Filed under fiction | Tags: · activism, climate, climate crisis, earth, environment, politics, resistance, science fiction, social movements, technology, utopia
“Kim Stanley Robinson is one of contemporary science fiction’s most acclaimed writers, and with this new novel, he once again turns his eye to themes of climate change, technology, politics, and the human behaviors that drive these forces. But his setting is not a desolate, post-apocalyptic world – rather, he imagines a more hopeful future, one where humanity has managed to overcome our challenges and thrive.”
Publisher Orbit Books, New York and London, Oct 2020
ISBN 9780316300131, 0316300136
Interviews with author.
Reviews: Derrick O’Keefe (Jacobin, 2020), Gerry Canavan (Los Angeles Review of Books, 2020), Bill McKibben (New York Review, 2020), Steven Poole (The Guardian, 2020), Mark Yon (SFF World, 2020), Kirkus Reviews (2020),Michael Svoboda (Yale Climate Connections, 2020), Nick Robins (LSE blog, 2021), Cory Doctorow (2020), Ian Maxton (Spectrum Culture, 2020), George Katsiaficas (PM Press, 2021), Martin Empson (Climate & Capitalism, 2021), Bob Frame and Patrick Flamm (Polar Record, 2021).
Commentary: Andreas Malm (Verso Blogs, 2021).
Book seminar: Crooked Timber (2021, Robinson’s response).
Filed under book | Tags: · abolitionism, anarchism, archive, black people, capitalism, colonialism, friendship, politics, race, racism, slavery, utopia
“The Hawthorn Archive, named after the richly fabled tree, has long welcomed the participants in the various Euro-American social struggles against slavery, racial capitalism, imperialism, and authoritarian forms of order. The Archive is not a library or a research collection in the conventional sense but rather a disorganized and fugitive space for the development of a political consciousness of being indifferent to the deadly forms of power that characterize our society. Housed by the Archive are autonomous radicals, runaways, abolitionists, commoners, and dreamers who no longer live as obedient or merely resistant subjects.
In this innovative, genre- and format-bending publication, Avery F. Gordon, the “keeper” of the Archive, presents a selection of its documents—original and compelling essays, letters, cultural analyses, images, photographs, conversations, friendship exchanges, and collaborations with various artists. Gordon creatively uses the imaginary of the Archive to explore the utopian elements found in a variety of resistive and defiant activity in the past and in the present, zeroing in on Marxist critical theory and the black radical tradition. Fusing critical theory with creative writing in a historical context, The Hawthorn Archive represents voices from the utopian margins, where fact, fiction, theory, and image converge.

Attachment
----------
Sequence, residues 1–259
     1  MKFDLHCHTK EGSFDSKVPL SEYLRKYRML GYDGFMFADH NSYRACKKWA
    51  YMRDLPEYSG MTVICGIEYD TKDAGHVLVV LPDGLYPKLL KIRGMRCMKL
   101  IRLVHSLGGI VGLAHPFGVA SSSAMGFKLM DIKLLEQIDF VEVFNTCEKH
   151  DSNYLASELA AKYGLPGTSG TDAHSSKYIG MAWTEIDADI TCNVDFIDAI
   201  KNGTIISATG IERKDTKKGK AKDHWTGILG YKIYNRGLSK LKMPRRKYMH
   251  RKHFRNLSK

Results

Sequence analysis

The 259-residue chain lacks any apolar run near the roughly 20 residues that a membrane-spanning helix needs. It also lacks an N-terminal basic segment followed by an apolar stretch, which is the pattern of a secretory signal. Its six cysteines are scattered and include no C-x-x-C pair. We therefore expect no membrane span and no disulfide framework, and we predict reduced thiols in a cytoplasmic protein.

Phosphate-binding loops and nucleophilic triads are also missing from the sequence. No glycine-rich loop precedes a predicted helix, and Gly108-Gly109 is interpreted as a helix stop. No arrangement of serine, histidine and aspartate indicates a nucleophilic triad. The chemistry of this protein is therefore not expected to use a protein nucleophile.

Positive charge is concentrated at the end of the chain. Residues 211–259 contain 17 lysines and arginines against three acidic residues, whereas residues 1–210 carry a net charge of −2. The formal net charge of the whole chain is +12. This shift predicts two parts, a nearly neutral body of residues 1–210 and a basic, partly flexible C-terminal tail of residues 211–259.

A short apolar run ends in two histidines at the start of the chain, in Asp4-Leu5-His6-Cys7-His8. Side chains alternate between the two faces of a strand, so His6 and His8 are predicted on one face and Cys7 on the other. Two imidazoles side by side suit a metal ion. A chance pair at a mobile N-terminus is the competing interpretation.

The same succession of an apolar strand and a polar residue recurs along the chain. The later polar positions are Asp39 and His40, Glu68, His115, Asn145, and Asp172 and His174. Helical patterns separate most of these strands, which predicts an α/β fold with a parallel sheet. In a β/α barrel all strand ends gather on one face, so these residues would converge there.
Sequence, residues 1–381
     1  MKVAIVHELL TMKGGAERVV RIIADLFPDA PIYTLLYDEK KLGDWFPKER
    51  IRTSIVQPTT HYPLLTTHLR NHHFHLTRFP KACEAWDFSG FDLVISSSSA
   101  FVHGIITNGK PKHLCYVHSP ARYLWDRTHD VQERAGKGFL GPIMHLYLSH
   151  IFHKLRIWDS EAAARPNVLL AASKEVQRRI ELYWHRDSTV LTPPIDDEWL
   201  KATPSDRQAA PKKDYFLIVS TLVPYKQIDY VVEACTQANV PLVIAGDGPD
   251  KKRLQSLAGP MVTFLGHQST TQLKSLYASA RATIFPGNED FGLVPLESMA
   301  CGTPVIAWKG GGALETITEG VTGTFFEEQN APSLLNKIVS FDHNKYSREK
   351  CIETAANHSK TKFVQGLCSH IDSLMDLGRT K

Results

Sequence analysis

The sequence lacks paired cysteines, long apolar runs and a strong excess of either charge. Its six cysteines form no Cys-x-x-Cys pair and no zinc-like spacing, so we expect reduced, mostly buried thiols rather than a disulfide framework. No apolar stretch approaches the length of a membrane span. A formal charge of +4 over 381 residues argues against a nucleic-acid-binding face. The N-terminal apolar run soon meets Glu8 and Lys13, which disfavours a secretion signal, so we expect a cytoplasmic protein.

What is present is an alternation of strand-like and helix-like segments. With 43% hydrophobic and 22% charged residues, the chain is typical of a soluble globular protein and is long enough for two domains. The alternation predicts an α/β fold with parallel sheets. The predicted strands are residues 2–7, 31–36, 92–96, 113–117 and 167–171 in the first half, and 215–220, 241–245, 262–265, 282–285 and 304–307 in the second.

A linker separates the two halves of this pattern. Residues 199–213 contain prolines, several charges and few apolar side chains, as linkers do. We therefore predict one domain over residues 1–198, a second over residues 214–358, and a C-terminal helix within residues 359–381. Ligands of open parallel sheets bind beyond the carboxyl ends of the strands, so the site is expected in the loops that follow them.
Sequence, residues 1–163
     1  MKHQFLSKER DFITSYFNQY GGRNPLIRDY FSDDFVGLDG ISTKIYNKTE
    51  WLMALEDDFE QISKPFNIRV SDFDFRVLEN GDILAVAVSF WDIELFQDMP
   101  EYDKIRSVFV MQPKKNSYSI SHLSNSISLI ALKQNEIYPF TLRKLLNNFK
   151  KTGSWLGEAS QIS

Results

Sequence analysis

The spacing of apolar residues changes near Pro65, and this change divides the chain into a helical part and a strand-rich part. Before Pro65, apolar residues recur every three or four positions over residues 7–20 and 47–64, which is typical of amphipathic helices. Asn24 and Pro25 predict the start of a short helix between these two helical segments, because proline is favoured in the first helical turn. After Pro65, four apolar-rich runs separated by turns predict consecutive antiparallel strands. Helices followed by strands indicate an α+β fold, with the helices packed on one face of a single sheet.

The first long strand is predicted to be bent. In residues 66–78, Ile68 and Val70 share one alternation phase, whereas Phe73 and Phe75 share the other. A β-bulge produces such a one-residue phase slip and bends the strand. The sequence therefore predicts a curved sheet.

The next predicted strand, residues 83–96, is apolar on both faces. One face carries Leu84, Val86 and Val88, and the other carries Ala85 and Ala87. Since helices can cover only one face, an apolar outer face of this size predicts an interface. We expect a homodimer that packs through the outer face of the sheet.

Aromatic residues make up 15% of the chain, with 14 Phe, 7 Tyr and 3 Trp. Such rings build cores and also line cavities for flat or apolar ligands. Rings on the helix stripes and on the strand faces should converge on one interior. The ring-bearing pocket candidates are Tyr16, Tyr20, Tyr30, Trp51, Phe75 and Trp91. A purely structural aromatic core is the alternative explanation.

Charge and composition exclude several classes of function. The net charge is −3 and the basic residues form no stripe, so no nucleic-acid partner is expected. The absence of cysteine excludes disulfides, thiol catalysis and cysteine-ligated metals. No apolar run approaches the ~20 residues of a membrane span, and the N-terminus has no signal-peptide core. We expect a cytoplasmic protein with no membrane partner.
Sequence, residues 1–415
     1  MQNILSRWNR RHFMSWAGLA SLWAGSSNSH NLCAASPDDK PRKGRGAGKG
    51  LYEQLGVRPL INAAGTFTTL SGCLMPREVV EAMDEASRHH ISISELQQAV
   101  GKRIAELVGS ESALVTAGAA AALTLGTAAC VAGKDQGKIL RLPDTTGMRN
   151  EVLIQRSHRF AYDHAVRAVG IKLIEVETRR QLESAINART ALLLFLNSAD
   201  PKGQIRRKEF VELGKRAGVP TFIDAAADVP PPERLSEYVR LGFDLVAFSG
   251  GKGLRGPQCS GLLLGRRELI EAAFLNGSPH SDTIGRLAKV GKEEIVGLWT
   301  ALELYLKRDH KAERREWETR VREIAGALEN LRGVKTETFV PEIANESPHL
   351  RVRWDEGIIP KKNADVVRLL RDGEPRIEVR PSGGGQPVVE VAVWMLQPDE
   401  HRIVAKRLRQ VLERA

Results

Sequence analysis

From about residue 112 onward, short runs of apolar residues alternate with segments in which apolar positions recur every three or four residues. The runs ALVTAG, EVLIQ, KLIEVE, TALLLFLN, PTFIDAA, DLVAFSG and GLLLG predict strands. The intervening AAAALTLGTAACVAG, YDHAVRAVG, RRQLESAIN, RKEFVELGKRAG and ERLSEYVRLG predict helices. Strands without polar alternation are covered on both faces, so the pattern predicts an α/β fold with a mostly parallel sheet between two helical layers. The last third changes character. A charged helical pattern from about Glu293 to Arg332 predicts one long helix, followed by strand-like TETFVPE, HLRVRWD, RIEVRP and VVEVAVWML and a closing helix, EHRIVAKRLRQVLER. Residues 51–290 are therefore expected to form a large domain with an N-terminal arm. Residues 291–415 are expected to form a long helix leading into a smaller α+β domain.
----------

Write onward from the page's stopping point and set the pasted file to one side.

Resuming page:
Reminiscent of the later fictions of Italo Calvino or Walter Benjamin’s Arcades Project, The Hawthorn Archive is a groundbreaking work that defies strict disciplinary, methodological, and aesthetic boundaries. And like Ghostly Matters: Haunting and the Sociological Imagination, which established Gordon as one of the most influential interdisciplinary scholars of the humanities and social sciences in recent years, it provides a kaleidoscopic analysis of power and effect. The Hawthorn Archive’s experimental format and inventive synthesis of critical theory and creative writing make way for a powerful reconception of what counts as social change and political action, offering creative inspiration and critical tools to artists, activists, scholars across various disciplines, and general readers alike.”
Publisher Fordham University Press, 2018
ISBN 0823276325, 9780823276325
Interview with author: Krystian Woznicki (transversal, 2019).
Review: Eddie Bruce-Jones (Race & Class, 2019).
PDF (46 MB)Comment (0)
Filed under book | Tags: · afrofuturism, black people, blackness, fiction, freedom, gender, human rights, literary criticism, race, science fiction, utopia
“Within the history of African American struggle against racist oppression that often verges on dystopia, a hidden tradition has depicted a transfigured world. Daring to speculate on a future beyond white supremacy, black utopian artists and thinkers offer powerful visions of ways of being that are built on radical concepts of justice and freedom. They imagine a new black citizen who would inhabit a world that soars above all existing notions of the possible.
In Black Utopia, Alex Zamalin offers a groundbreaking examination of African American visions of social transformation and their counterutopian counterparts. Considering figures associated with racial separatism, postracialism, anticolonialism, Pan-Africanism, and Afrofuturism, he argues that the black utopian tradition continues to challenge American political thought and culture. Black Utopia spans black nationalist visions of an ideal Africa, the fiction of W. E. B. Du Bois, and Sun Ra’s cosmic mythology of alien abduction. Zamalin casts Samuel R. Delany and Octavia E. Butler as political theorists and reflects on the antiutopian challenges of George S. Schuyler and Richard Wright. Their thought proves that utopianism, rather than being politically immature or dangerous, can invigorate political imagination. Both an inspiring intellectual history and a critique of present power relations, this book suggests that, with democracy under siege across the globe, the black utopian tradition may be our best hope for combating injustice.”
Publisher Columbia University Press, New York, 2019
ISBN 9780231187404, 0231187408